How to implement and optimise dynamic content
Dynamic content is a tool often overlooked or under-utilised by marketers. The capabilities of dynamic content are extensive and need to be included. With features such as specific content blocks, countdown timers and customer specific information how can you not want to use it?
But with only 23% of marketers having the capability to provide, we can see why you might find it hard to get into and understand.
Well, we can help.
How it works
Let’s start with how it works; dynamic content is applied through variables and conditions that go and ask questions within your data. For example, if you set a condition of cat owner or dog owner the question will be asked of your customer data, then the result returned and only the cat owners will be able to see the cat content and the dog owners the dog content.
The difference between conditions and variables, often a tricky subject for marketers! Conditions affect a whole block of content, where variables affect one specific element. For example, if you created two different banners and headers for an email, and then said one was for men and one was for women, when you sent it only the relevant parts would be visible to the men and women.
Variables differ, they are more basic and add personalisation to emails. Common variables are your name, title and date of birth. These are used to engage the audience and talk to them as an individual.
Within dynamic content, we can also do more simple aspects, such as pulling customer specific information into the email to be included in pictures or the text. Such as names, customer login sections and birthdays! Here below we can see the email in the form when you create it, then what the customer receives!
Don’t worry about the codes; they soon change to this in the consumer's mailbox!
Why would you use dynamic content?
Dynamic content takes personalisation to the next level. We’re beyond the time where putting someone’s first name is good enough, and it won’t stand out in the mailbox. Spreading content with the hope that it’ll resonate with some of your audience isn’t the strategy to employ. Creating a 1-2-1 conversation is what consumers crave, and what they need.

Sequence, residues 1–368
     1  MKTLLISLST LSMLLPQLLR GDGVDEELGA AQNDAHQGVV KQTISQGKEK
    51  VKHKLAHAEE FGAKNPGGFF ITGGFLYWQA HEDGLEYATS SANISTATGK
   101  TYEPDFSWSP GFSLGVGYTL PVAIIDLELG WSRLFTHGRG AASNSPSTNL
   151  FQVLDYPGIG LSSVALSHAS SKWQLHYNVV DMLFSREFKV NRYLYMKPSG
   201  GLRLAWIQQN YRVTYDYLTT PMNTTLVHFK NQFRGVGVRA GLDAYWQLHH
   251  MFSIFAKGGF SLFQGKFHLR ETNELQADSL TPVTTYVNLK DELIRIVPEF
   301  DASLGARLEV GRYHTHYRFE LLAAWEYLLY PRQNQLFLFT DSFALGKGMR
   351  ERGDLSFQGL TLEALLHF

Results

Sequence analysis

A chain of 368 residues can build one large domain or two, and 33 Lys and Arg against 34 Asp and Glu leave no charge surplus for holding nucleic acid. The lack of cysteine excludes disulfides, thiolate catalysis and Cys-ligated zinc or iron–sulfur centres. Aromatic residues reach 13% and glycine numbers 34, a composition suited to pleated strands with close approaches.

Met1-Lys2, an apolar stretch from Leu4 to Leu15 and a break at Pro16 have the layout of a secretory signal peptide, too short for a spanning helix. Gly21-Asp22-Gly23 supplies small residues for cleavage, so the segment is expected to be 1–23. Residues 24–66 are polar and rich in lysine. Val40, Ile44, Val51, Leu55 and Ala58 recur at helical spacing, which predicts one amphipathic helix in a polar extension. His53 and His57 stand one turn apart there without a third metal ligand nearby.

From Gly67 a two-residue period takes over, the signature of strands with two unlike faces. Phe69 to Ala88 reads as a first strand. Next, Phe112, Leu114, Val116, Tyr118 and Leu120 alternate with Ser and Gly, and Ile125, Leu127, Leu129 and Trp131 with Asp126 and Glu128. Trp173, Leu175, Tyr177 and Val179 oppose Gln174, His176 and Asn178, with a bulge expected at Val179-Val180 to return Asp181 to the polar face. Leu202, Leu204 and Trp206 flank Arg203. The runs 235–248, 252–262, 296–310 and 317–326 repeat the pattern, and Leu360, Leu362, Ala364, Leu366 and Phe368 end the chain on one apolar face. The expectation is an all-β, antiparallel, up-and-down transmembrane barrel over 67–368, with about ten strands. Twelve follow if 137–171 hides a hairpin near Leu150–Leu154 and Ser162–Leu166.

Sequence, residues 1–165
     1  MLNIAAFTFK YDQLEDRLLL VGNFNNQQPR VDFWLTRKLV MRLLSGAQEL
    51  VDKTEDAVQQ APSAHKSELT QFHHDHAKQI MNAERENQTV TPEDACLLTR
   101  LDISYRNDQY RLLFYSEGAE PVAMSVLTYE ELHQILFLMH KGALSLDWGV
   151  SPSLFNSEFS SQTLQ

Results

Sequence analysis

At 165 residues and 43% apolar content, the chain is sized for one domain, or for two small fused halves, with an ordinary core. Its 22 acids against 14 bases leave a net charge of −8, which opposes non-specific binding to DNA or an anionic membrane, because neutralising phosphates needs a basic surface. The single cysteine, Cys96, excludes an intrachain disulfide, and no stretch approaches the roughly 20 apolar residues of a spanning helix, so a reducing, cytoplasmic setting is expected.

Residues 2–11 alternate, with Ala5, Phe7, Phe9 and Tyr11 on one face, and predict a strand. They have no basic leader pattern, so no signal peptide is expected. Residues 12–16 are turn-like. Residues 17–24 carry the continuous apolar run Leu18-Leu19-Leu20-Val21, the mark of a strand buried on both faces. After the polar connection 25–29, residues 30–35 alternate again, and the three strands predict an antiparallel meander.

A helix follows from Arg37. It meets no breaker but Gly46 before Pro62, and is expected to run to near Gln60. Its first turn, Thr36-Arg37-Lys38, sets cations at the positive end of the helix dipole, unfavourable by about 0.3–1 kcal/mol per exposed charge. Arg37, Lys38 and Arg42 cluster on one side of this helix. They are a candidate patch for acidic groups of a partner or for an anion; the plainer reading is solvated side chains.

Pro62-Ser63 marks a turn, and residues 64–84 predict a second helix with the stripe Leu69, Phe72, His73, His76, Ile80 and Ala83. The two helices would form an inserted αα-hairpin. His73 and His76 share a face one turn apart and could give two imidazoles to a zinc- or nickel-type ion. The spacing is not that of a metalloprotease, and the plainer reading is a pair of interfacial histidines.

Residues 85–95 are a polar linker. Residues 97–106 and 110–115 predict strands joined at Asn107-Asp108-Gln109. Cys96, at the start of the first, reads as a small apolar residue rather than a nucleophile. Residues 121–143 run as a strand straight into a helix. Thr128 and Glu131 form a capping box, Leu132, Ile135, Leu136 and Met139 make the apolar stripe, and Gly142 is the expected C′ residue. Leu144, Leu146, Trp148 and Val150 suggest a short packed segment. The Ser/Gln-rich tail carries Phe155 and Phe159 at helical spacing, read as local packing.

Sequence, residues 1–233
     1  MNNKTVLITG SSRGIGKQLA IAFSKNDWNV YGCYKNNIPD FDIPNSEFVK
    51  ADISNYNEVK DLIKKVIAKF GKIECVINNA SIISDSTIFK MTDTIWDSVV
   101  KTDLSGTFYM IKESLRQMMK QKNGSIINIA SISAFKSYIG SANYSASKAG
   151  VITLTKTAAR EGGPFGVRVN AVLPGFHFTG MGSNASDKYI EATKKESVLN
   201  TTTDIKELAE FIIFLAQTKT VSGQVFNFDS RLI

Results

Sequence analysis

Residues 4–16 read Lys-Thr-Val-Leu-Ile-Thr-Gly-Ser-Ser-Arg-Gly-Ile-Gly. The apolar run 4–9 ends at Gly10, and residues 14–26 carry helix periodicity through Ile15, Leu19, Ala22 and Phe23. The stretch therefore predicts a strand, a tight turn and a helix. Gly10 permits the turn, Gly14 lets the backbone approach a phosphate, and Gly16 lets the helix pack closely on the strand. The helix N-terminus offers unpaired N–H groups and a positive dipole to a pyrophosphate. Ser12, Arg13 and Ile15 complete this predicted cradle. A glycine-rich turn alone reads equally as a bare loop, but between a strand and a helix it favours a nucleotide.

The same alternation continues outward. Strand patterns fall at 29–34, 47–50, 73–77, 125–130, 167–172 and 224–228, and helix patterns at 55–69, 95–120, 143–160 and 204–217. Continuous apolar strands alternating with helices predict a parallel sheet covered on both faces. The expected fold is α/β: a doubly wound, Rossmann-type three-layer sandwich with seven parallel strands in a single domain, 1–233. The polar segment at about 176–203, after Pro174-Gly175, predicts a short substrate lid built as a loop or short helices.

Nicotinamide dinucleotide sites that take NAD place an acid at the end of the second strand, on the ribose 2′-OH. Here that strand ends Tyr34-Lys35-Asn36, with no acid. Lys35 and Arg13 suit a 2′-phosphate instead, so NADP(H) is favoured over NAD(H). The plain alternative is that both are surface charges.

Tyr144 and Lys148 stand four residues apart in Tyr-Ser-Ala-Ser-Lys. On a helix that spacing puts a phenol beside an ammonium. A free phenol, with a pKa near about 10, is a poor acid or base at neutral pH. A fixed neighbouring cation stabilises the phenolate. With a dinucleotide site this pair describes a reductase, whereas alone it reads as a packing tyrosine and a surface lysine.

And, it makes you stand out.
Think about it, who do you remember more, the person who served you at the supermarket or the guy stacking the shelves? A mailbox is similar to this. There are certain individuals you engage with and pass through to your memory, and the individuals who were stacking the shelves are the brands who you skip past, or delete.
Look at your current metrics, see how you’re getting on. Look at your open rates, click-thrus and how many times your call to action is being taken. This gives you a solid indication on how your consumers are reacting, and the opportunity to build.
Concentrate on the relevance of your email, reduce the size of each segment if necessary and split into more targeted emails. Not only will your metrics rise for the original segments, but the people who would’ve been missed are now being reached.
A message that speaks to the consumer as an individual is the correct message, and dynamic content does all the hard work. It applies all the features you want, without you having to do it manually for each consumer.